This was Fred Schuler's first film as a director of photography. The cinematography gives us an inspired realistic vision of New York City right from the exciting establishing helicopter views leading us to The Bronx. Schuler had previous experience as an assistant in Dog Day Afternoon, Taxi Driver, Annie Hall... Soon Schuler was working as DP for Toback, Scorsese, and Fleischer.

The print has been in heavy use and looks like it has been originally struck from an internegative at a few generations of distance from the camera negative. There is the regular somewhat duped overall look and the changeovers are riddled with jump cuts but in a movie like this the occasionally somewhat battered quality is not fatal. The colour looks juicy and intact.


Tuesday, May 26, 2015

Zaduszki / All Souls' Day – Tadeusz Konwicki remembered

Taru rakkaudesta / Sägnen om kärleken. PL 1961. PC: Studio Filmowe Kadr. P: Jerzy Rutowicz. D+SC: Tadeusz Konwicki. DP: Kurt Weber – b&w – 1,37:1. Camera operator: Antoni Nurzyński. AD: Jarosław Świtoniak. Cost: Marian Kołodziej. Makeup: Halina Sieńska. ED: Wiesława Otocka. S: Stanisław Piotrowski. C: Ewa Krzyżewska (Wala), Edmund Fetting (Michał), Elżbieta Czyżewska (Ltn. Listek), Beata Tyszkiewicz (Katarzyna), Andrzej May (Satyr), Jadwiga Chojnacka (hotel proprietor), Włodzimierz Boruński (Goldapfel), Gustaw Lutkiewicz (Kozak), Kazimierz Opaliński (Skotnicki), Aleksander Sewruk (Szary), Mieczysław Voit (Derkacz), Halina Buyno (Skotnicka), Emilia Ziółkowska (Wali's mother). Helsinki premiere: 16.8.1963 Ritz, distributor: Suomi-Filmi, Finnish / Swedish subtitles by Marjatta Kaija / Helle Laakso – telecast: 5.5.1970 TV1 – VET 65743 – K16 – 2705 m / 99 min
    A vintage KAVI 35 mm print deposited by Suomi-Filmi viewed at Cinema Orion, Helsinki (Pawlikowski's Poland), 26 May 2015

A stark Tadeusz Konwicki movie. A woman and a man, Wala and Michał, have a clandestine meeting in a little room in a little hotel in a little town during All Souls' Day holiday. Overwhelming memories from wartime love affairs, seen in long flashbacks, haunt them.

I was too young to understand Zaduszki when I saw it on television 45 years ago but it still managed to impress me even then. The film has stood the test of time well.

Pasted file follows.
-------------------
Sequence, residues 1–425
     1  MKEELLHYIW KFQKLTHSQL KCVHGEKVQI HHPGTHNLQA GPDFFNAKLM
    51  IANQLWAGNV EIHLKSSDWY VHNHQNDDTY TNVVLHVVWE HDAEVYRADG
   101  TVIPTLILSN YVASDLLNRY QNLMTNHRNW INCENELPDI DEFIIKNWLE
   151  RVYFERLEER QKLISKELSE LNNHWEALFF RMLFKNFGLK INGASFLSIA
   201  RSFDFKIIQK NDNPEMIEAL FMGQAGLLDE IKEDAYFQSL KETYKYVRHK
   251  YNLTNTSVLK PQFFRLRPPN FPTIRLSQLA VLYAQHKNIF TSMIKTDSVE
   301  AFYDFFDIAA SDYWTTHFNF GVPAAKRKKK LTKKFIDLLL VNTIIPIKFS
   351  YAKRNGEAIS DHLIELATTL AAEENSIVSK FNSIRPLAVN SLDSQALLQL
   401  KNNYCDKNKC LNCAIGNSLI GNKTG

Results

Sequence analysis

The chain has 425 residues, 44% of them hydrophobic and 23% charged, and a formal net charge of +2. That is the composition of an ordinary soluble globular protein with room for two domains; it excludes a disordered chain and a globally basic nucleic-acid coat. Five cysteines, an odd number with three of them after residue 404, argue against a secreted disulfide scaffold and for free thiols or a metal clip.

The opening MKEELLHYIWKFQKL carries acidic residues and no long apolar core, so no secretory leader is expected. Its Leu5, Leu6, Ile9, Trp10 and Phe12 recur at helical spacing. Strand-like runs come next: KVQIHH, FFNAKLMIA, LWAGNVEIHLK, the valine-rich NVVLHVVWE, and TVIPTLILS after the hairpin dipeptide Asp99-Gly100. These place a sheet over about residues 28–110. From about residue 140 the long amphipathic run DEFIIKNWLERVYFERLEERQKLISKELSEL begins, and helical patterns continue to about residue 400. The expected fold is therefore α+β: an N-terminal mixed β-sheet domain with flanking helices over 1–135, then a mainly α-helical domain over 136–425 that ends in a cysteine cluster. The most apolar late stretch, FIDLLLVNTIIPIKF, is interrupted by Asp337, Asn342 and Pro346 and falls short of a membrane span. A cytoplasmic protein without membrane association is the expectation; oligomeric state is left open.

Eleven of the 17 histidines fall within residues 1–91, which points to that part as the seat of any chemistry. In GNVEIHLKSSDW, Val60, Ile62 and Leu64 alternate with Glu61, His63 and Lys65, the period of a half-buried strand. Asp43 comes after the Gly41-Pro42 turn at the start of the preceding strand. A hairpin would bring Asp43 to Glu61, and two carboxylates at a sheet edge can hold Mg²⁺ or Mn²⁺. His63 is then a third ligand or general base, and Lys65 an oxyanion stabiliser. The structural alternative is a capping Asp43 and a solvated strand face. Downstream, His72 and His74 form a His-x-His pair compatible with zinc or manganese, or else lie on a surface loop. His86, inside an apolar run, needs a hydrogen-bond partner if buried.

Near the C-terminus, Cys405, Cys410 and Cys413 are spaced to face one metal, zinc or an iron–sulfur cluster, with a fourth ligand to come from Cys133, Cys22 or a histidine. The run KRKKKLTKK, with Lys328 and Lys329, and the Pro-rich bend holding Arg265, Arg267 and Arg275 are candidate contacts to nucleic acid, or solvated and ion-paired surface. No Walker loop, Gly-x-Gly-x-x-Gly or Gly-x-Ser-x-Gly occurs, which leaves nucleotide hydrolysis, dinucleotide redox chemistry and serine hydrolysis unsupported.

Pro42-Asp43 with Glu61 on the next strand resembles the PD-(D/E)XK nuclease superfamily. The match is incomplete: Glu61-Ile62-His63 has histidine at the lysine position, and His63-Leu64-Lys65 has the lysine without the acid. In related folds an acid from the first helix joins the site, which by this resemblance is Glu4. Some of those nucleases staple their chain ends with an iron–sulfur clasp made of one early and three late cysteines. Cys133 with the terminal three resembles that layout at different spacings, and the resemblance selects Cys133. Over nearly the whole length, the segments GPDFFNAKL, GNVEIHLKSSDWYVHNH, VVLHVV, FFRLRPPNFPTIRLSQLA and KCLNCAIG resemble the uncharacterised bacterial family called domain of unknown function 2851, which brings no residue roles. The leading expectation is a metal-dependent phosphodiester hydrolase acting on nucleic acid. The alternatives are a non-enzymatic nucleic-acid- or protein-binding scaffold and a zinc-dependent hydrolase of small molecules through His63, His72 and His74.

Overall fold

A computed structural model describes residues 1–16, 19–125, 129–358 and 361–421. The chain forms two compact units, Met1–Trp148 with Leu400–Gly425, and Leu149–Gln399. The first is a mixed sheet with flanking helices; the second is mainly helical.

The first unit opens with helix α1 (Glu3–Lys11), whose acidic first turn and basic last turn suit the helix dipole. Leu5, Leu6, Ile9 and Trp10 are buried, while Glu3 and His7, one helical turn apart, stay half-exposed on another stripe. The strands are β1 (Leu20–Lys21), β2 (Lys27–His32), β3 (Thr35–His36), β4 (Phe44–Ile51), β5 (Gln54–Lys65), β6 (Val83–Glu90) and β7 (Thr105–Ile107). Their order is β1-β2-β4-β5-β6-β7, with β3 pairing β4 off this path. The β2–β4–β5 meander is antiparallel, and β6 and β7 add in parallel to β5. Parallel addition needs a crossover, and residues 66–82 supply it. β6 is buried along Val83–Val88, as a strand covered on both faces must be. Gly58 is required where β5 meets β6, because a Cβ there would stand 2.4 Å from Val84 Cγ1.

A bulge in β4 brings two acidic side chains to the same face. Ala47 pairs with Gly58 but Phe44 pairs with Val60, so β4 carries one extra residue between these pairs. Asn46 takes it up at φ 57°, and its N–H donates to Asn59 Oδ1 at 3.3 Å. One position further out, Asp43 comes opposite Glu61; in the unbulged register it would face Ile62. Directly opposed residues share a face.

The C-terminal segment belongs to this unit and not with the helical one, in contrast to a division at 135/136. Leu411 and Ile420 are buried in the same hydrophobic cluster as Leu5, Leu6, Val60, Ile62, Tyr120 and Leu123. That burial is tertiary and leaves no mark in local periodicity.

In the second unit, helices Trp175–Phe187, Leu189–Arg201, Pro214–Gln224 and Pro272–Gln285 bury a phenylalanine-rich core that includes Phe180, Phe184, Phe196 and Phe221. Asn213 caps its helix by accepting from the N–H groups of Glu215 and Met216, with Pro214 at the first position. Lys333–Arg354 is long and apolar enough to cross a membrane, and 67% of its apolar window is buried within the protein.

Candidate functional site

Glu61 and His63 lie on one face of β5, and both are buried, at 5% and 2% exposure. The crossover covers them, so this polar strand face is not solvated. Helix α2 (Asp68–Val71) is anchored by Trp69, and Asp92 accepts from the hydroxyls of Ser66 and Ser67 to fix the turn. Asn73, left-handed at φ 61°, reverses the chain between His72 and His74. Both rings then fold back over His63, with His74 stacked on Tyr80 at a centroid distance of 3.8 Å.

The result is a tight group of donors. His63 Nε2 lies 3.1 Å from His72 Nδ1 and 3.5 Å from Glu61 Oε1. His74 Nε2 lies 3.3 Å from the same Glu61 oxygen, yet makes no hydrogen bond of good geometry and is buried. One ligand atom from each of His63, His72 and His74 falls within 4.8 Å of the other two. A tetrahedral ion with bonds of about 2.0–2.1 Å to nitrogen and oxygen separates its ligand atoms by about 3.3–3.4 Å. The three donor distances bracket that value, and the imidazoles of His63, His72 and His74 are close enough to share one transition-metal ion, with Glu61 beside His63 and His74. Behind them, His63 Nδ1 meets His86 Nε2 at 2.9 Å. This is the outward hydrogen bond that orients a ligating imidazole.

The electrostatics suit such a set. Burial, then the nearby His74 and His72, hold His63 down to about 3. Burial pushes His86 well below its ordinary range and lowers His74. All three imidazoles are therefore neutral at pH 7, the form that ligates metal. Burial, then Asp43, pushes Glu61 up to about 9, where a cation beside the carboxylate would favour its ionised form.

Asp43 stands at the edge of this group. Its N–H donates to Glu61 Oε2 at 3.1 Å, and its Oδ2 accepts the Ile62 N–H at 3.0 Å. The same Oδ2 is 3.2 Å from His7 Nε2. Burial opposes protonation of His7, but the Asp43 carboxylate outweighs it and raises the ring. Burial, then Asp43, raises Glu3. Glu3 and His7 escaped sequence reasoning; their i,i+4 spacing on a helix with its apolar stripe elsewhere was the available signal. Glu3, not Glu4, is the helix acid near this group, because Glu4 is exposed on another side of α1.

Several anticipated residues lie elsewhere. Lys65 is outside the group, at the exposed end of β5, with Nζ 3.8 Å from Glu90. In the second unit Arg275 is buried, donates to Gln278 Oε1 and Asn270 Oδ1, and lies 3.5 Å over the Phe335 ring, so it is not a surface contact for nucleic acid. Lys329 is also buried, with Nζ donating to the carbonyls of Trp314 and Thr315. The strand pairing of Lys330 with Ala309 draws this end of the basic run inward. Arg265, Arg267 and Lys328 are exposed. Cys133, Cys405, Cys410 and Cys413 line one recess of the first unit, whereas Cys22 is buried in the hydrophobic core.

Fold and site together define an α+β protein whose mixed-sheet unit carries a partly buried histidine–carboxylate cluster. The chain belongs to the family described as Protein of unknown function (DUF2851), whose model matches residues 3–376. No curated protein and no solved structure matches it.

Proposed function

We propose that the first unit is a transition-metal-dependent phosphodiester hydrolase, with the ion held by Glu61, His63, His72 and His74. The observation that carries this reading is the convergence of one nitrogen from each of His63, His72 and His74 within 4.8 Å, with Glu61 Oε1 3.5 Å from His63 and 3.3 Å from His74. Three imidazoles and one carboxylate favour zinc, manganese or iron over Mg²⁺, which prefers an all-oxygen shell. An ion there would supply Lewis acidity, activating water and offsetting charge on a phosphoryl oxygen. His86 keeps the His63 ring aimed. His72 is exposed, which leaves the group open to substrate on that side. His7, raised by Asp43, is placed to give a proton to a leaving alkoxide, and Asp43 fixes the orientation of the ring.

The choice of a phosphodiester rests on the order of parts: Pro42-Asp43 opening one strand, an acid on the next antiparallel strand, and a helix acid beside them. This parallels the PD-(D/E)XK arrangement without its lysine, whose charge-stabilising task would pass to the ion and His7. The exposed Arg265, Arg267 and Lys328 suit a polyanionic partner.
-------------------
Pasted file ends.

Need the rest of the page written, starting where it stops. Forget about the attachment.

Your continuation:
Konwicki (1926-2015) was a distinguished modern writer but he was equally accomplished as a film-maker. He puts to use a rich array of cinematic means in Zaduszki (interesting angles, field sizes, montages, inserts, handheld shots, a swirling 360° carousel shot, subjective shots and majestic olympic extreme long shots).

But most relevantly, Konwicki knows the power of the close-up of the human face; even the image during the opening credits is a close-up. I was especially impressed by the soulful performances Konwicki receives from Ewa Krzyżewska in the female lead and Michał's two previous significant women, Elżbieta Czyżewska (as the partisan lieutenant) and Beata Tyszkiewicz (code name "Katarzyna"). It is mostly for them that I look forward to revisiting Zaduszki again.

The affinity to Hiroshima, mon amour is clear, but not in imitation. Rather Alain Resnais and Marguerite Duras may have inspired Konwicki to be daring, combining the historical and the intimate in this way. These men and women live history in their soul and in their flesh.

Politically, Zaduszki is surprising in its wide understanding of the political contradictions in Poland during WWII and the following civil wars. Konwicki plays by the rules of the current establishment to a certain degree but refuses to simplify things. He feels for all of them.

Zaduszki is a poetic vision of a deep unrest. It is a psychological post-war film. There is also a Holocaust element in the story of Mr. Goldapfel whose family was murdered and home destroyed during the war.

The soundtrack is an interesting compilation with many songs (including "Warszawianka" and "Dzis do ciebie przyjac nie moge"), organ music, marches, and sound effects treated musically.

The cinematography is based on grayness, apathy, and rain. Yet there is a special intensity and sensuality in the imagery, and the lyrical montages often involving flying birds are eloquent.

The used print is still quite watchable. In some shots the visual quality is perfect, but usually the look is slightly duped in a regular kind of way.